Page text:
By Chuck Strouse
By Scott Fishman
By Terrence McCoy
By Ryan Yousefi
By Ciara LaVelle, Kat Bein, Carolina Del Busto, and Liz Tracy
By Pepe Billete
By Ryan Yousefi
By Kyle Swenson
Just a week earlier, the Siskinds had moved to Southgate from a Michigan Avenue apartment, hopeful the new location would be safer. While unpacking, Hanna Siskind noticed her jewelry was missing. She contacted the moving company. The next day the company fired nineteen-year-old Chris Harris, one of the men in the Siskind moving crew. Harris's boss would later tell investigators that the dismissal was due to poor work, not the jewelry complaint.
Besides the Siskinds', police lifted only two sets of fingerprints from the apartment. One belonged to Carmen Adderly, a maid. The other was a match for Harris's. No prints were found from the other two movers. Murphy's theory is that Adderly cleaned the apartment after the couple moved in, erasing all fingerprints. This, he reasons, indicates that Harris was in the apartment after the move. Murphy interviewed Adderly, even put her under hypnosis, but although she said she had dusted the furniture, she could not remember whether she had wiped the dresser on which Harris's prints were found. He also interviewed Harris, who initially agreed to take a polygraph, then refused.
The case was never solved. But last year, after Chris Harris's arrest, Beach police reopened their investigation. Ken Miller, the detective who inherited the case from Murphy, says he hopes to re-examine the evidence with the aid of today's more sophisticated technology. "Back then we couldn't get enough evidence to charge Harris, but there was no doubt in my mind that he murdered that little old couple," Murphy says.
Harris was soon back in prison anyhow, for an armed robbery and aggravated assault.
It takes a few minutes for the guard to fetch Chris Harris from his cell at the Dade Stockade, just west of Miami International Airport. A stocky man with a smile that is more gold than enamel, Harris is not accustomed to visitors and appears bemused that anyone would want to speak with him. "It's hard for folks to make it out here," he explains. "I haven't seen my mama in about a year. My auntie says she don't want to spend time around someone who's involved in all this." He has affixed himself to a chain-link fence in the broiling stockade courtyard, where a hundred other inmates are lined up, shouting to visitors across a six-foot divide.
Though he consents to talk, Harris discusses his life in terms so vague and dispassionate that he might be describing a distant relative.
He says he met Wade Harris in a supermarket months before his death, and that the older man told him to stop by whenever he was in the neighborhood. This is what he did on July 11 at about noon. According to Chris Harris, he helped Wade fix his cable TV and left a couple of hours later. Then he visited his mother and headed to the dog track. He says the police are trying to set him up and claims they beat him for two hours and put a plastic bag over his head to try to make him confess.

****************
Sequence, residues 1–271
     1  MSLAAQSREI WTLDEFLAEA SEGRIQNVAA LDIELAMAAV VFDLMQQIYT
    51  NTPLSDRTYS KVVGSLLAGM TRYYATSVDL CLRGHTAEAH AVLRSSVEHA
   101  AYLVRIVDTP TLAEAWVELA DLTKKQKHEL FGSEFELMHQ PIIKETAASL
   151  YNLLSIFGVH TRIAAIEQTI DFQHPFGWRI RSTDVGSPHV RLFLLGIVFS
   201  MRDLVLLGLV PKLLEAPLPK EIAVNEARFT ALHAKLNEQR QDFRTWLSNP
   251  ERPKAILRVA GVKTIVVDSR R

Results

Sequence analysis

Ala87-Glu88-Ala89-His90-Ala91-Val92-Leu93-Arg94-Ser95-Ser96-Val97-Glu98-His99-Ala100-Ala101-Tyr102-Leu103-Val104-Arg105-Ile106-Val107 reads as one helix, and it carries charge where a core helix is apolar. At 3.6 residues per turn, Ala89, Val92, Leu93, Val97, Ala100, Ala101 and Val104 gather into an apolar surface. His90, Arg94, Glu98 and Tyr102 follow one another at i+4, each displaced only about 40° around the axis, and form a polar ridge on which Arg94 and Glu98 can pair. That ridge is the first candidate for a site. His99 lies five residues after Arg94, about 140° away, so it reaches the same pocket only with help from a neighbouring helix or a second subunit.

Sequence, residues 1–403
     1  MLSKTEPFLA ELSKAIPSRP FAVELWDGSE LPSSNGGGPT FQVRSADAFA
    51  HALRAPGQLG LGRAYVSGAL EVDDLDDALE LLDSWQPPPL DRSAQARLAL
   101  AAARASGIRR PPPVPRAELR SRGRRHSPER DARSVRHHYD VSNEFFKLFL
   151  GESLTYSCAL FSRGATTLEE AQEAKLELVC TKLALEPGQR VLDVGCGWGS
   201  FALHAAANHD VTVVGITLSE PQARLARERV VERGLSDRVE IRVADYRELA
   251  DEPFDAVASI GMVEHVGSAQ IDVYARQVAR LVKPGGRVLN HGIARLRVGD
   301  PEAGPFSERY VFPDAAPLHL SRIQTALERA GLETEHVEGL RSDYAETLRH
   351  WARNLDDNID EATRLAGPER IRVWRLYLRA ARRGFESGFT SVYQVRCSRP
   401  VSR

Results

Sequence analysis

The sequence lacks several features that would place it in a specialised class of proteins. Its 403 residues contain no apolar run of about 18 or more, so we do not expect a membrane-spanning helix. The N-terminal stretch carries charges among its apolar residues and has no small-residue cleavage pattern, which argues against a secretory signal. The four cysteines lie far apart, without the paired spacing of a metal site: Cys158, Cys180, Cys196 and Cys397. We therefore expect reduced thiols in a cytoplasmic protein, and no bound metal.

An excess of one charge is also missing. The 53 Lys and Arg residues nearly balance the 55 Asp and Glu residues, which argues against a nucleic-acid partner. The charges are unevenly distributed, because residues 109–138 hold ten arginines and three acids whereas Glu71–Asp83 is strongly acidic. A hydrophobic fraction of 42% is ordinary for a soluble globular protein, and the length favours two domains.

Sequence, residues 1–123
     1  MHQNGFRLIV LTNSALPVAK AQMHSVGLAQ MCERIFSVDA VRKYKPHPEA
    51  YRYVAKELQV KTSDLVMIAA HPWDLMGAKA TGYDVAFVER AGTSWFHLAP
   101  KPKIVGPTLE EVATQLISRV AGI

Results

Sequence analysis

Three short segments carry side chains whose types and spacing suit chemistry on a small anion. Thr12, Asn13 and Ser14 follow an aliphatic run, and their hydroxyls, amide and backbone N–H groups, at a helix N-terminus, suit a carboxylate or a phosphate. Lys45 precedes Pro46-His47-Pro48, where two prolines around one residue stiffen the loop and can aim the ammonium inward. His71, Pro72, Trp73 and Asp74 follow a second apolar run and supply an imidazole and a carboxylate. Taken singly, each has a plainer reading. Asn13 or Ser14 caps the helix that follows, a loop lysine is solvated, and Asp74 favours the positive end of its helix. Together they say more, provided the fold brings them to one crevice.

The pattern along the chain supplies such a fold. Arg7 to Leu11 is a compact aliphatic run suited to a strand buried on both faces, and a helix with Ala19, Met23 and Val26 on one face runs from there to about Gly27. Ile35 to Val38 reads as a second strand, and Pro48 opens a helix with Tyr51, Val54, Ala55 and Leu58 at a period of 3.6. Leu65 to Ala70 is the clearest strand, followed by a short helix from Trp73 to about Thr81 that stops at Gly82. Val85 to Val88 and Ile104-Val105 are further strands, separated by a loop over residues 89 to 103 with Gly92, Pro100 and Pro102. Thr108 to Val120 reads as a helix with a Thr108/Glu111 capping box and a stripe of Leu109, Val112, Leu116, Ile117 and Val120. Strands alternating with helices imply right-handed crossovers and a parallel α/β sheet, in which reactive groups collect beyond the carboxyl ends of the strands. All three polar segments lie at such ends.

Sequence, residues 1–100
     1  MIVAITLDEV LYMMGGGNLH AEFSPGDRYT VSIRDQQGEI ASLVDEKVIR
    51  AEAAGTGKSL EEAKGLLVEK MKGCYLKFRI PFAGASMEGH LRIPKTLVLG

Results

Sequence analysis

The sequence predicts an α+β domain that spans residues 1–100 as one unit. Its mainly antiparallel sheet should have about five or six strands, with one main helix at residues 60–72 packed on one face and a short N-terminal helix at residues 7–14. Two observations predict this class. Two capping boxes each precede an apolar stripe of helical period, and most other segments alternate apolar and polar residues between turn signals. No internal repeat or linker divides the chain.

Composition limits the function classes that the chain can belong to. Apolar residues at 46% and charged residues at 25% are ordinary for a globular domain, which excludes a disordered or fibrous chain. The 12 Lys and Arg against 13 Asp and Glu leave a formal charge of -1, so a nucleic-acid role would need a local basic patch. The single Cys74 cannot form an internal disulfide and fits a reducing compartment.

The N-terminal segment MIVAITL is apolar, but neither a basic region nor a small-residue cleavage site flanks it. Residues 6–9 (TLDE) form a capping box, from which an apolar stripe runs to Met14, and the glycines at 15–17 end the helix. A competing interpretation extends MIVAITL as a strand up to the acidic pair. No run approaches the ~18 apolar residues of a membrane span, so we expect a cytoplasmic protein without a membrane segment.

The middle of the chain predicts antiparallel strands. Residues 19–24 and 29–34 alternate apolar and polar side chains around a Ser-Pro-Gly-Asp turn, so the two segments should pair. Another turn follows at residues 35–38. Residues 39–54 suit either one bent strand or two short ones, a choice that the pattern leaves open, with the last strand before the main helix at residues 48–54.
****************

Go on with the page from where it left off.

Harris admits he used to deal drugs but denies he's ever hustled. He says the reason his old girlfriend Sherall Moore told police she saw him driving Wade Harris's car is that she was angry because he slept with her sister. Police have no proof that he pawned the valuables taken from Wade Harris's home, he adds, though he does concede that he might have purchased stolen goods in the same neighborhood. He says his public defender has a witness who will testify that he saw Wade Harris with another man on the night of his death. He has not discussed a plea bargain.
"Just 'cause my fingerprints are on a box of cable doesn't mean I killed the man," Harris concludes.
While prosecutor David Waksman may be able to prove the defendant was with Wade Harris and robbed him on the night of his death, the evidence that Chris Harris is responsible for the professor's murder indeed appears circumstantial. Further, prosecutors will not be able to mention Chris Harris's previous arrests or convictions A unless he testifies, which is unlikely.
"I truly believe Harris is a multiple offender; no one knows how many people he's killed," says John Parmenter, lead detective in the Liston Smith case. "But having been through this with Harris once already, I'm apprehensive about a conviction."
Howard Lubel, Harris's public defender, says he cannot discuss specifics of the case. "But I can say, without being overly critical of police procedures, that it's dangerous to disregard our system of justice, to keep names and photos around of people who have been found innocent, and then to try to fit them into a pattern," he asserts. "It's the Casablanca approach to law enforcement A you know, 'Round up all the usual suspects.' When you cast a net like that, a lot of innocent people get caught."
Lubel, who already has been granted more than a year's worth of delays, has yet to present prosecutor Waksman with a list of the witnesses he intends to call at trial.
Whether Wade Harris's alleged homosexuality will become an issue in court is not clear. No mention of it was made to the press during the investigation, by design. "We didn't release any information on that because we didn't want people to write this off as 'just another fag killing,'" notes a police source close to the case.